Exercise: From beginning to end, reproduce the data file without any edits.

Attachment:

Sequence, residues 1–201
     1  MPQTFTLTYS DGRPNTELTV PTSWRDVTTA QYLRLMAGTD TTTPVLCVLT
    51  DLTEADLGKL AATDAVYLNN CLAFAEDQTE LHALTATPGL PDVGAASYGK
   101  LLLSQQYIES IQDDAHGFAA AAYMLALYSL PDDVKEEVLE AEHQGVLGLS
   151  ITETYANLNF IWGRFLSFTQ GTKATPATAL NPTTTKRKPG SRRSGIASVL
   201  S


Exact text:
Sequence, residues 1–201
     1  MPQTFTLTYS DGRPNTELTV PTSWRDVTTA QYLRLMAGTD TTTPVLCVLT
    51  DLTEADLGKL AATDAVYLNN CLAFAEDQTE LHALTATPGL PDVGAASYGK
   101  LLLSQQYIES IQDDAHGFAA AAYMLALYSL PDDVKEEVLE AEHQGVLGLS
   151  ITETYANLNF IWGRFLSFTQ GTKATPATAL NPTTTKRKPG SRRSGIASVL
   201  S